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: Saab to build Cadillacs in Sweden

Zaphod Beeblebrox
1st March 2005, 07:10 AM
BBC News - 1st March 2005

General Motors, the world's largest car maker, has confirmed that it will build a new medium-sized Cadillac BLS at its loss-making Saab factory in Sweden.

The car, unveiled at the Geneva motor show, is intended to compete in the medium-sized luxury car market.

It will not be sold in the US, said GM Europe president Carl-Peter Forster.

As part of its efforts to make the US marque appeal to European drivers, the car will be the first Cadillac with a diesel engine.

Tough competition

GM's announcement should go some way to allay fears of the Saab factory's closure.

The factory in Trollhaettan has been at the centre of rumours about GM's planned severe cutbacks in its troubled European operations.

But the group's new commitment to the Swedish factory may not be welcomed by the group's Opel workers in Ruesselsheim, Germany.

They may now have to face a larger proportion of GM's cuts. Cadillacs are popular in the US, but will Europeans take to them?

Neither will the announcement be seen as unalloyed good news in Sweden, since it reflects Saab's failure to make significant inroads into the lucrative European luxury car market.

For years, Saab has consistently said it is competing head-on with BMW, Mercedes and Jaguar. The segment's leaders do not agree.

Luxury battle

GM's plans to build the American marque in Sweden is part of its efforts to push it as an alternative luxury brand for European drivers.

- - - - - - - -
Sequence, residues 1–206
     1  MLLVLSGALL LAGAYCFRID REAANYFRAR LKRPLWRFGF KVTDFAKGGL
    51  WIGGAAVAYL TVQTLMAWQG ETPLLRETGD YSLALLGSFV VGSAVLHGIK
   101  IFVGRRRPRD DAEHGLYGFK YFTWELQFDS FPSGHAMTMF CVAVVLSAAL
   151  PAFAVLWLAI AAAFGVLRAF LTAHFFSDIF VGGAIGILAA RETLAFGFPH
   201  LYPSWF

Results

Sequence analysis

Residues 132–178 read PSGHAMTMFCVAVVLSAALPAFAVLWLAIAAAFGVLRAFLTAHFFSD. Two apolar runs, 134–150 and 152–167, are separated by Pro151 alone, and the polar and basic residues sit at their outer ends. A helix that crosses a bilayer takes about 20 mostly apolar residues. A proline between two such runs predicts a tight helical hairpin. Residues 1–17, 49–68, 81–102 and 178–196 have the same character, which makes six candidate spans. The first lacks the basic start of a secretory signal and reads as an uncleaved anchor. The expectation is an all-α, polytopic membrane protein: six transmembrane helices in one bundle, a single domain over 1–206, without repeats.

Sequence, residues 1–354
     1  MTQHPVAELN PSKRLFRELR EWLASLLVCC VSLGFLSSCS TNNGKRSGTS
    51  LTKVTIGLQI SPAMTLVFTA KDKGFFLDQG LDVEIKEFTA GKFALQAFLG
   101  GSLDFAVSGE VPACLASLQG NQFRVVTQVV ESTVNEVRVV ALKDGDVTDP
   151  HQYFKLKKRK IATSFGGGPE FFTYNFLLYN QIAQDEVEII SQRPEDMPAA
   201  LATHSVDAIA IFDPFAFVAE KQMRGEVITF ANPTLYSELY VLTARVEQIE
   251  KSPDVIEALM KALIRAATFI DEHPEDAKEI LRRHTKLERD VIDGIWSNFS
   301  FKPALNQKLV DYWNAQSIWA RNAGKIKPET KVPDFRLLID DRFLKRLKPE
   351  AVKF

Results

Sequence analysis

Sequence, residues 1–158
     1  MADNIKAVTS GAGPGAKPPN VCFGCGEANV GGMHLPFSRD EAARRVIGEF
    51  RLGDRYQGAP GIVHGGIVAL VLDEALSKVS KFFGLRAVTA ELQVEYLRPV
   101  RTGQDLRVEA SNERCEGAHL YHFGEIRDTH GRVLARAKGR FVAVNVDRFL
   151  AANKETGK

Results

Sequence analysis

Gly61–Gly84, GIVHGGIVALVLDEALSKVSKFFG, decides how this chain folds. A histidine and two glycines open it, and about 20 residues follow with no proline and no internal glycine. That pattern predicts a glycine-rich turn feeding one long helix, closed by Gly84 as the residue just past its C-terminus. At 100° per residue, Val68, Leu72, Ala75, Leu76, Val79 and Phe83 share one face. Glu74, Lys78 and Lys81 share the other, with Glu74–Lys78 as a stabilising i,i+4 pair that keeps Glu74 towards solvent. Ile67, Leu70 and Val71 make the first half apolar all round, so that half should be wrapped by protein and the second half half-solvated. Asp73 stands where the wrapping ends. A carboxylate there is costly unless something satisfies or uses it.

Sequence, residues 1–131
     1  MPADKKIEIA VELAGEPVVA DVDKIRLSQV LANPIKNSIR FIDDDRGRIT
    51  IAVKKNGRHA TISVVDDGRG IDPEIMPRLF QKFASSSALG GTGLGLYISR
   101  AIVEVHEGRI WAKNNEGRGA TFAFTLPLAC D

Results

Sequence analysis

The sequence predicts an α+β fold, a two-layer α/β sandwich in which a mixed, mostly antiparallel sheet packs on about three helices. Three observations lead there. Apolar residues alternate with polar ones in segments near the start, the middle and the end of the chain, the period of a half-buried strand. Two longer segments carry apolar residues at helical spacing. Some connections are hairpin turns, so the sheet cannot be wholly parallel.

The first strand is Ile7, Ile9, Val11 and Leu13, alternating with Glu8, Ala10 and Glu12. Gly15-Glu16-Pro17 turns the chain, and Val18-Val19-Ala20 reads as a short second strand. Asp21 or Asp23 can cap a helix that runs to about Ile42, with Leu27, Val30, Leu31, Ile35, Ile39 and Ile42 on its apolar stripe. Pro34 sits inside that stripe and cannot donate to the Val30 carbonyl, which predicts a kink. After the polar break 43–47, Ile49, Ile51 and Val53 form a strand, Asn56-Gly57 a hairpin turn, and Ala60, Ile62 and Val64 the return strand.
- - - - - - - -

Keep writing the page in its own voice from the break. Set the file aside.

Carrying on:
In the US, it has long been established as an upmarket brand - even the presidential limousine carries the badge.

Yet it could prove tough for Cadillac to steal market share from the majors in Europe.

Other luxury car makers, most notably the Toyota subsidiary Lexus, have enjoyed tremendous success in the US without managing to make significant inroads in Europe.

There, German marques Mercedes Benz and BMW have retained their stranglehold on the luxury market.

Increased output

Bringing Cadillac production to Sweden should help introduce desperately-needed scale to the Saab factory, which currently produces fewer than 130,000 cars per year.

That is about half of what major car makers consider sufficient numbers for profitable operations, and Saab is losing money fast - albeit with losses halved in 2004 to $200m (104m; 151m euros) from $500m the previous year.

Beyond the 12,000 job cuts announced last year at its European operations, GM is reducing expenditure by building Saabs, Opels - badged as Vauxhalls in the UK - and now Cadillacs on the same framework, and by allowing the different brands to share parts.

Another way to further reduce Saab's losses could be to shift some of the production of Saabs to the US, a market where drivers have adopted it as an upmarket European car.

Doing so would remove the exposure to the weak US dollar, which is making Saabs more expensive to US consumers.

But not everyone in the industry agree that it would be the best way forward.

"We know that in five years the US dollar will be stronger than it is today," the chief executive of a leading European car maker told BBC News.

The current trend towards US production was "stupid", he said.

Improve perceptions

In a separate announcement, GM unveiled a new scheme to allow European consumers the chance to test drive its Opel and Vauxhall models.